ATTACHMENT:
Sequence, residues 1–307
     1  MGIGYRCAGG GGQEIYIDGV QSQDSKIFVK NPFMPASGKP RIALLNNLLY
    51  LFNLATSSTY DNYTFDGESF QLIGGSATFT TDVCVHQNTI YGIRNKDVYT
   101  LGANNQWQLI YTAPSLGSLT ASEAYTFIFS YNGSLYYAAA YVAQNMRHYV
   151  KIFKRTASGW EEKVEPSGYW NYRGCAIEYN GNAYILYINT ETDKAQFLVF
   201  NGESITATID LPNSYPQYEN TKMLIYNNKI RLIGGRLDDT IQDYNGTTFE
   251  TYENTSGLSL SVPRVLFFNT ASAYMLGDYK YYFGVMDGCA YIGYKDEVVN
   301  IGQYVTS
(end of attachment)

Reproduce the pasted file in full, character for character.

Sequence, residues 1–307
     1  MGIGYRCAGG GGQEIYIDGV QSQDSKIFVK NPFMPASGKP RIALLNNLLY
    51  LFNLATSSTY DNYTFDGESF QLIGGSATFT TDVCVHQNTI YGIRNKDVYT
   101  LGANNQWQLI YTAPSLGSLT ASEAYTFIFS YNGSLYYAAA YVAQNMRHYV
   151  KIFKRTASGW EEKVEPSGYW NYRGCAIEYN GNAYILYINT ETDKAQFLVF
   201  NGESITATID LPNSYPQYEN TKMLIYNNKI RLIGGRLDDT IQDYNGTTFE
   251  TYENTSGLSL SVPRVLFFNT ASAYMLGDYK YYFGVMDGCA YIGYKDEVVN
   301  IGQYVTS